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Dublin: 21°C Thursday 18 August 2022

Dubliners WILL be able to vote for a directly elected mayor if Fianna Fáil gets its way

A private members bill, seen by, would see a referendum in 19 months’ time – but the Greens say their Bill is better.

Theresa May becomes PM Former London mayor Boris Johnson is now UK Foreign Secretary Source: Andrew Matthews

DUBLIN WILL HOLD a referendum for a directly elected mayor within two years if a Fianna Fáil proposal is approved by the Dáil.

The party’s Dublin spokesman John Lahart has won party approval for a private members bill which will give all citizens of the capital the choice to decide on whether Dublin will get a mayor with executive powers to run the city.

Under the proposal, every citizen in Dublin city and county will vote in a plebiscite in May 2018. If it passes, Dublin will have its first mayoral elections in May 2019.

The Local Government Bill 2016 is due to be tabled in the Dáil later this month. Lahart wants to establish a consensus with other parties on the best model for the proposal, which could be enacted after Christmas.

The Green Party, which has been working on a similar Bill in 2010, welcomed Fianna Fáil support for a directly elected mayor, but said their Bill has the best chance of success.

shutterstock_175707230 (2) A view of Dublin's docklands. Source: Shutterstock

London model

Speaking to in August, Lahart said Dublin needed a directly elected mayor similar to London’s – but with a directly elected assembly keeping tabs on the mayor, guarding against creating an Irish version of Boris Johnson.

The model proposed by Fianna Fáil would give the mayor executive powers, but also fulfill a co-ordinating role for the city for areas such as housing, tourism, arts and transport.

At present there are four mayors in Dublin, mostly ceremonial roles.

Two years ago, Fingal councillors vetoed the proposal for a directly elected mayor, which then required a majority in favour for each of Dublin’s four local authorities.

Lahart’s bill does not set down what executive powers the mayor would have, but provides for the Minister for Housing, Planning and Local Government to do so. The Bill states:

The Minister shall, no less than six months prior to the plebiscite date and following a period of public consultation of no less than 12 weeks, cause a copy of the proposals setting out the powers and responsibilities of the proposed directly elected mayor, to be laid before the both Houses of the Oireachtas and such proposals must be approved by resolution of both Houses of the Oireachtas.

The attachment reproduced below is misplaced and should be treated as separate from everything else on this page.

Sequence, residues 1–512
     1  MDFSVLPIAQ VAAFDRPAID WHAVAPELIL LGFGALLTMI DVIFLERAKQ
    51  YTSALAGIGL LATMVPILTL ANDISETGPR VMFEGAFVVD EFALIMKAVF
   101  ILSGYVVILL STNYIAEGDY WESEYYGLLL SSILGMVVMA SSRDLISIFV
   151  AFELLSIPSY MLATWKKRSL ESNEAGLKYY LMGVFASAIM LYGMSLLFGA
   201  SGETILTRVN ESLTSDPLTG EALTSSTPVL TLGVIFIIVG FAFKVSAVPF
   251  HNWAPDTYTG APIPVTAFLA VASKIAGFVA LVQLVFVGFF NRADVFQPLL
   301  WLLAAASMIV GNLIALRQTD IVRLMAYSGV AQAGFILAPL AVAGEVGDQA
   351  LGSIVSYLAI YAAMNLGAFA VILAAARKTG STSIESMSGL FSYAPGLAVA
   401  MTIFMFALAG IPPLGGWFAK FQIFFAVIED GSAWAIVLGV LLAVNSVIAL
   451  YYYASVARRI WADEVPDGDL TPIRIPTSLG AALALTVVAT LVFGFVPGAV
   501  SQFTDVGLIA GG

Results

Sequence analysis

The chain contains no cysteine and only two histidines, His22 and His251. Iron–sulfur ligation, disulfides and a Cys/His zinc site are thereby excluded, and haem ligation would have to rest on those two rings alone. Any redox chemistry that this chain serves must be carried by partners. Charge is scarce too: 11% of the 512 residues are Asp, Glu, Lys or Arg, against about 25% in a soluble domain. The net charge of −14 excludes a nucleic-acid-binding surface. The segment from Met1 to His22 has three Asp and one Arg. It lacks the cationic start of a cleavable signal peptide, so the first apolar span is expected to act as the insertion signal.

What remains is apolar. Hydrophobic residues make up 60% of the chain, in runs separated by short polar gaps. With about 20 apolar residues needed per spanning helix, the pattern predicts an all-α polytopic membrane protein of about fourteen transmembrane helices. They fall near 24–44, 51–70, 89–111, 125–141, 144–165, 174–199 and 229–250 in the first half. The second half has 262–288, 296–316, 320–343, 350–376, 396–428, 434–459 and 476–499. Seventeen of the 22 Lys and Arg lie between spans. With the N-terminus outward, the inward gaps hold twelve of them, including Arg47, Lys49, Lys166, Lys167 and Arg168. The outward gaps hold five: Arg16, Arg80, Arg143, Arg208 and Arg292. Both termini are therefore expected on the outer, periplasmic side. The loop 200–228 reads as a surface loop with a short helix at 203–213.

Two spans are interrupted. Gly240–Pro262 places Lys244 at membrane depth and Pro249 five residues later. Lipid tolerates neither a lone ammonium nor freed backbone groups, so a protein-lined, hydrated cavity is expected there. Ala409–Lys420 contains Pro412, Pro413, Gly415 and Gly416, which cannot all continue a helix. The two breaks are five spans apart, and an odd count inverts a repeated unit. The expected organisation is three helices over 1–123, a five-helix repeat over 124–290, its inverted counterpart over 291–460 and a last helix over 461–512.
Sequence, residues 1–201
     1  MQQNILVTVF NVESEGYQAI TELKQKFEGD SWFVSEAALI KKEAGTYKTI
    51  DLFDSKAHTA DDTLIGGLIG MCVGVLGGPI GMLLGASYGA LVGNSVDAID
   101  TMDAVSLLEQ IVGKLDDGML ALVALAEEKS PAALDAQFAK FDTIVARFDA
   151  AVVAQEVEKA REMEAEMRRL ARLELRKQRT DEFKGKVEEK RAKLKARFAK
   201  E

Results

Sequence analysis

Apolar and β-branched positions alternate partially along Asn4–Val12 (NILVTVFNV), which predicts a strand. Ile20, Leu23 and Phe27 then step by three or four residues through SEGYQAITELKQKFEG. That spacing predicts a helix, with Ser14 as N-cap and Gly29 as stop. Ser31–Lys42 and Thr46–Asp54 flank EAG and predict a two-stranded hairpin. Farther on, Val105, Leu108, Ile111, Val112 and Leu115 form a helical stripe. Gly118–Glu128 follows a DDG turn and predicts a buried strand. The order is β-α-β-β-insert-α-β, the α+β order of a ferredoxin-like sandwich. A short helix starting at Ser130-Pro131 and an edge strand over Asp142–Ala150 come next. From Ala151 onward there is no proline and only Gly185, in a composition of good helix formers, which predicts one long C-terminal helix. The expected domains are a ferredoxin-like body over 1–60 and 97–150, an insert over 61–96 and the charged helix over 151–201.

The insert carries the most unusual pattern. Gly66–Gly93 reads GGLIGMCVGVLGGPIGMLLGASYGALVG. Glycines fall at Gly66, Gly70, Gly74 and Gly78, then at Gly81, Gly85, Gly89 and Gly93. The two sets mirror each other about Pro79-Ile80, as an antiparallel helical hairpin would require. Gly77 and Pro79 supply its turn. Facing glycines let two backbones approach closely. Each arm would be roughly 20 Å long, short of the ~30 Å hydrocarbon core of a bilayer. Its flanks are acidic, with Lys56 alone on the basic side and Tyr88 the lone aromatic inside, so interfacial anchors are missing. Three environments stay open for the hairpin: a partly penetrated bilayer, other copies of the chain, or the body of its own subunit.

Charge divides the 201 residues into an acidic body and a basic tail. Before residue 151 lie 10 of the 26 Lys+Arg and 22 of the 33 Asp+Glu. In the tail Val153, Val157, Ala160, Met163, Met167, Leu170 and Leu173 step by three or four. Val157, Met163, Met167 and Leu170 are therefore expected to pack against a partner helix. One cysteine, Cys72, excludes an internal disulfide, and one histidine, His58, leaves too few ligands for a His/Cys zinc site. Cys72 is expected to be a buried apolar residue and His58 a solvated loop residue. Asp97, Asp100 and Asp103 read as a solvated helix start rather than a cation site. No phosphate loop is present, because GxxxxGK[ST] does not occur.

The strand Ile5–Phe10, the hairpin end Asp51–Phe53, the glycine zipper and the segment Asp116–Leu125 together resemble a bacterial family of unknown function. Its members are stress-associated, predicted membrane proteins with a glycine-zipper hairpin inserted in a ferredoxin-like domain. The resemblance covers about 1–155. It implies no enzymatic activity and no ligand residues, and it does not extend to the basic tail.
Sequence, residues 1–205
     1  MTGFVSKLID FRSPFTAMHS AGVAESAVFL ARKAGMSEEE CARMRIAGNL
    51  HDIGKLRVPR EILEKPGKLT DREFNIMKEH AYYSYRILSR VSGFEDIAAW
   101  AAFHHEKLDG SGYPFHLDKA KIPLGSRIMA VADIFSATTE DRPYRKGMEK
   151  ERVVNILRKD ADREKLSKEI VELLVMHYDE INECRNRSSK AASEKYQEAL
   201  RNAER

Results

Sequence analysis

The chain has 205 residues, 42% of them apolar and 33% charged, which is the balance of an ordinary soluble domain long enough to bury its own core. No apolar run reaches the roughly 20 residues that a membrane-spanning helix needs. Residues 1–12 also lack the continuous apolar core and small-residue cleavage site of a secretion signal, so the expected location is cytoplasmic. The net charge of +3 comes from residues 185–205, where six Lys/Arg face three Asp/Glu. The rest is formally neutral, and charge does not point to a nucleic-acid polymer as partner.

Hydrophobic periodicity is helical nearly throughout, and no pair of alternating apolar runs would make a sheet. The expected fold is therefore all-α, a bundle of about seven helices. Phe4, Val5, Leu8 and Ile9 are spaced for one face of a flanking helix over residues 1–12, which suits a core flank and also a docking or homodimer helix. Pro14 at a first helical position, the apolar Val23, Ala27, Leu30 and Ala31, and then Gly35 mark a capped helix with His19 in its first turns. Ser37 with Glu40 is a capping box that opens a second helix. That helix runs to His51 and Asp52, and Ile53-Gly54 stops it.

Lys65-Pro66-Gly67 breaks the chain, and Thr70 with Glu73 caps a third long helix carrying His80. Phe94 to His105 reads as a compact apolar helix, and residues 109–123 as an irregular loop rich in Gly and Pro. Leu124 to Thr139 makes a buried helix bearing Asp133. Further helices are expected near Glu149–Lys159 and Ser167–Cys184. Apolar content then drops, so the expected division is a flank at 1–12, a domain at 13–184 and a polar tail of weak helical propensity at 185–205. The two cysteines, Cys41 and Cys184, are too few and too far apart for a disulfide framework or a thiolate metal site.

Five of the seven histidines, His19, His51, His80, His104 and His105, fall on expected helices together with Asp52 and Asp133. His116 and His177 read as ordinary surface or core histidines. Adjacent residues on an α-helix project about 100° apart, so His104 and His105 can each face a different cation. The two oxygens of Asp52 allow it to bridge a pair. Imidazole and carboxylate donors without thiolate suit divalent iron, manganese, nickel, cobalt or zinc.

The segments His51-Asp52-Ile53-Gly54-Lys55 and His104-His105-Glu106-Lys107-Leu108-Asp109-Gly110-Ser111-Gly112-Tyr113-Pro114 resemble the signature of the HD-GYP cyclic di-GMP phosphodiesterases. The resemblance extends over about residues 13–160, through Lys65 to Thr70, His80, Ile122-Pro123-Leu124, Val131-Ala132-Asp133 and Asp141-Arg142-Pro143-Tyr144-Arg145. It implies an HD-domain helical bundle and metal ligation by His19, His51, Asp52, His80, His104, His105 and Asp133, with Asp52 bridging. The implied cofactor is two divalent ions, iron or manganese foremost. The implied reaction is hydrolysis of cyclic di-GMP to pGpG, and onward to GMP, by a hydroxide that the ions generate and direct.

shutterstock_276262805 The Samuel Beckett Bridge. Source: Shutterstock

Competing bills

The Green Party have been working on a similar Bill since 2010, and say their Local Government (Mayor and Regional Authority of Dublin) Bill 2016 has the best chance of succeeding.

The Greens plan on introducing the Bill in their forthcoming private members’ time.

“We very much look forward to working with Fianna Fáil, and seeking the support of all parties in the Dáil, to make a directly-elected Dublin Mayor a reality,” Green Party leader Eamon Ryan TD said in a statement.

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Eamon Ryan Eamon Ryan and Catherine Martin. Source:


The Green Party Bill is an updated version of their 2010 Dublin Mayor Bill.

“In our opinion, it is our Bill that has the best chance of success,” Ryan added.

“We had established cross-party support for the bill in 2010, and it had passed all stages in the Dáil. Our Dublin Mayor bill could be enacted very quickly, and come into force in time for the 2019 election cycle.”

Cllr Roderic O’Gorman, Green Party chairman and a councillor in Fingal County Council, said Dublin’s four local authorities cannot change mayors every 12 months and expect coherent leadership.

“Dublin is in the middle of a housing crisis, and is facing transport deadlock in the coming years.

“Our cities need real political leadership, and that means the office of Mayor cannot remain a ceremonial role.”

Read: ‘We need a directly elected mayor to deliver for Dublin. But not someone like Boris’

Read: Dubliners may have to wait five years for a directly-elected mayor

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